What is a challenge ropes course?

The challenge course industry grew out of a desire to implement a wilderness type experience in a fixed setting, as opposed to the expedition setting. A course is defined as a series of activities, sometimes on or close to the ground (usually referred to as a low ropes course) and sometimes built on utility poles or trees, or in the rafters of a building (a high ropes course).

WOLF School Team-Building.jpg

Challenge courses are installed in wide variety of places–schools, camps, park districts, and outdoor education centers, as well as in corporate training centers. Each course can serve a single group, such as students in a school. The single identifying feature is that most often, it is an intact group which comes together to share the challenge course experience, and that a curriculum is designed for the specific outcome desired by that group. 

The course itself is comprised of many different elements. Names of these elements vary throughout the industry, as do belay systems, access systems, the number of elements at a course and the sequence of the elements. Each course is individually designed and built to accommodate the local terrain, climate, and program delivered at that site.

Climbing walls have also become increasingly popular over the last years, partly for recreational purposes, and partly as educational tools. When climbing walls are built for educational purposes, they are often used in conjunction with a challenge course.


The Challenge Course is a unique program: it is a high reward, seemingly high risk activity. While there is some risk involved in participating on the Ropes Course, it has been greatly minimized by strict and thorough safety measures. On high elements, for example, participants wear a safety harness system. If they fall, they are suspended in the air by a safety (belay) line. The participants may logically understand that they are safe, but their knees still shake when they are 30 feet up. In other words, the perceived risk is much greater than the actual risk. This is what makes the Ropes Course a mental challenge as well as a physical one.


Low Ropes

The low ropes elements are structured activities that are literally low-to-the-ground. They are purposefully geared toward team building. A group can participate together in these activities on their own. Safety and spotting techniques are utilized by all participants. Debriefing questions are available to group leaders.

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High Ropes

The high ropes elements are challenging activities that are literally high-above-the-ground. They are geared more toward individual challenges. Trained facilitators and leaders will guide groups through the high ropes elements.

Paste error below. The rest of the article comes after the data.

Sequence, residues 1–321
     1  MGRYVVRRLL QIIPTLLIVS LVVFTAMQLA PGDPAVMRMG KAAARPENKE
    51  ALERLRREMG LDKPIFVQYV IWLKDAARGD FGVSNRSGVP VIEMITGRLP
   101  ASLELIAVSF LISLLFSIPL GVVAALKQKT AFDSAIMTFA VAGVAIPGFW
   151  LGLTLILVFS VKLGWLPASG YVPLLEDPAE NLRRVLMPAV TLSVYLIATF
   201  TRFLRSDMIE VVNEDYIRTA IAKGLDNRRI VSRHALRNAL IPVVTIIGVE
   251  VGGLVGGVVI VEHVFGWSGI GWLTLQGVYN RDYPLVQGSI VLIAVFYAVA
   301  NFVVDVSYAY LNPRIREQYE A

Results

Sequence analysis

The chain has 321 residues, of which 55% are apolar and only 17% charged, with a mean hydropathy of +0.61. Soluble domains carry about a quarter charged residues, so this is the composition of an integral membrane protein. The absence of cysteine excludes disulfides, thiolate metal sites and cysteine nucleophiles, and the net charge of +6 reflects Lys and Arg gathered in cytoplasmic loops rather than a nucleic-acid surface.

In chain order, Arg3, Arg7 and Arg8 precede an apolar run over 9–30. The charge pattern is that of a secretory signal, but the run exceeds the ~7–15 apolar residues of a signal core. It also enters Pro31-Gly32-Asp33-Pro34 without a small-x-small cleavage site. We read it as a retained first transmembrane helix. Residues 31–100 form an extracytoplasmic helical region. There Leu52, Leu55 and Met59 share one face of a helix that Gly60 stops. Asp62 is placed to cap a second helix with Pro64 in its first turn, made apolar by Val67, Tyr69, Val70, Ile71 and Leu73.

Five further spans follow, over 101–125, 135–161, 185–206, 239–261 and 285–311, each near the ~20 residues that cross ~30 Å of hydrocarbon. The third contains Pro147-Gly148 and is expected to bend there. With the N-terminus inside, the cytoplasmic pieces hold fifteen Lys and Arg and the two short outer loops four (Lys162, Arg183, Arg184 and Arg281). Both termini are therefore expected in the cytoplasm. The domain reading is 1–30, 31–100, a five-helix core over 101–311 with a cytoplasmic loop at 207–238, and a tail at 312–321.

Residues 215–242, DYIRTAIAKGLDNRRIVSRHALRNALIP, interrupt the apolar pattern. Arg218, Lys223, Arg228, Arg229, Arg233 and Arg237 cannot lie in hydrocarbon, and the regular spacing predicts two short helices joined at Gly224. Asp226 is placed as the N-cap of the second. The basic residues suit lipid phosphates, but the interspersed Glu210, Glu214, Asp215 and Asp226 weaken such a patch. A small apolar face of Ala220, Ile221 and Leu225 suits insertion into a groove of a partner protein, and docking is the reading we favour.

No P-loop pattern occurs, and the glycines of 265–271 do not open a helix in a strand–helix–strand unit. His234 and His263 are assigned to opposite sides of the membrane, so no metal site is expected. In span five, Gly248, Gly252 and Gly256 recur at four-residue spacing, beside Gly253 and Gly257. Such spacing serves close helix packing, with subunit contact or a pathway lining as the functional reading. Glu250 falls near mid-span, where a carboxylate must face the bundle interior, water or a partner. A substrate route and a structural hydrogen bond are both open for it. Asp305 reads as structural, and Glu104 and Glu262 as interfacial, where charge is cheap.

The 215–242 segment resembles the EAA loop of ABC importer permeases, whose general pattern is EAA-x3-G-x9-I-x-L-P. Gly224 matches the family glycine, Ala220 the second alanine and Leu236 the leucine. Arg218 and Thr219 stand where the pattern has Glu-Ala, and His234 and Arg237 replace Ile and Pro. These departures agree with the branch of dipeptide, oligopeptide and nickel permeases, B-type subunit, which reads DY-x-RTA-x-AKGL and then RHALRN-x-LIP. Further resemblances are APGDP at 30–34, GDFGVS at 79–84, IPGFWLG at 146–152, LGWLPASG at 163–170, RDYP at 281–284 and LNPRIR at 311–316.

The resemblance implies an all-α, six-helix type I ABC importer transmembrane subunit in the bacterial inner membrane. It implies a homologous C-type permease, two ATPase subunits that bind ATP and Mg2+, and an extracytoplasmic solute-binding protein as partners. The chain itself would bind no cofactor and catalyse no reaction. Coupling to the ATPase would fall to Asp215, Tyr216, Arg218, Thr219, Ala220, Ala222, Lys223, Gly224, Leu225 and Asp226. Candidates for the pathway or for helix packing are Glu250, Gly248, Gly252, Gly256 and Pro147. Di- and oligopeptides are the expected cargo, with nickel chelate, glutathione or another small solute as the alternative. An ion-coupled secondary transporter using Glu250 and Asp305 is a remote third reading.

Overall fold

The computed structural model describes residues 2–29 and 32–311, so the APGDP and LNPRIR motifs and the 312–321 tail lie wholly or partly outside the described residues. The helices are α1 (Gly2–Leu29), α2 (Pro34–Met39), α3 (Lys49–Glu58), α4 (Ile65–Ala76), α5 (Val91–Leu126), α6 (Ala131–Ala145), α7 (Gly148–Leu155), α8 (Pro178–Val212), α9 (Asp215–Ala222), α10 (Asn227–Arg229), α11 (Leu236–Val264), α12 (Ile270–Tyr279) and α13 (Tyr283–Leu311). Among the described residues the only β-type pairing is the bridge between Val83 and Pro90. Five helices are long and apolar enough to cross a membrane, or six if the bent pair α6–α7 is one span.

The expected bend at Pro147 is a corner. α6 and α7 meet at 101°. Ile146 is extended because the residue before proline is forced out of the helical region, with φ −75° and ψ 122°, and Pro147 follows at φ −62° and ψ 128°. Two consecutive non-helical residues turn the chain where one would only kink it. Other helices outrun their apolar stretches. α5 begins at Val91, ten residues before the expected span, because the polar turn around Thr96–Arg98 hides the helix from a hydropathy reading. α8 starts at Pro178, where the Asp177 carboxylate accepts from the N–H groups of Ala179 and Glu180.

Goals & Objectives

Each ropes course program should have some established goals and objectives. This creates a focus for the program and a deliberate and clear set of expected outcomes. These outcomes can be set by the group, individuals or the sponsoring organization.

The facilitators and ropes course program will also have predetermined, underlying objectives that support and complement the group’s objectives. In very basic terms, these may be:

  • Provide a fun and safe experience.

  • Provide an appropriate, sequential series of activities / experiences.

  • Create an atmosphere where the participants feel comfortable enough to ‘stretch’ personally beyond self-imposed limits.


8 key objectives for a program to support the main goal are:

  • Trust Building

  • Peak Experience

  • Goal Setting

  • Humor / Fun

  • Challenge / Stress

  • Problem Solving

  • Teamwork

  • Communication

Every course and group that is run will be different in some way, so a strict set of objectives that everyone must follow may not be the best approach. By giving the group and their leader’s time to reflect and think about what their goals and objectives are for their program is one way to ensure a positive and successful rope/challenge course program.

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So WHY participate?

  • It is a thrilling and fun thing to do.

  • Commitment to perform where there is uncertainty of results is a healthy decision-making process.

  • Proving to oneself that a seemingly insurmountable problem can be overcome is enlightening and satisfying.

  • There is evidence that there is a significant positive carry over from the experience of successfully completing a demanding, fabricated problem as compared to overcoming everyday problems.

Getting out there and playing, and enjoying the Challenge Ropes Course is what it is all about. Most of all have fun! It is an incredible process.


UCCR Camps with Ropes Courses

Monte Toyon: Low & High Ropes Course, Climbing Wall
Camp Lodestar: Low & High Ropes Courses, Zip Line
Camp Cazadero: Low Ropes Course
Community of the Great CommissionLow Ropes Course
Pilgrim Pines: High Ropes
Clover Woods: Low Ropes Course, Zip Line, Climbing Wall

For Ropes Course Rates, please contact the Site Director at the camp you are attending or interested in.

You may also contact Empowering Ventures Inc.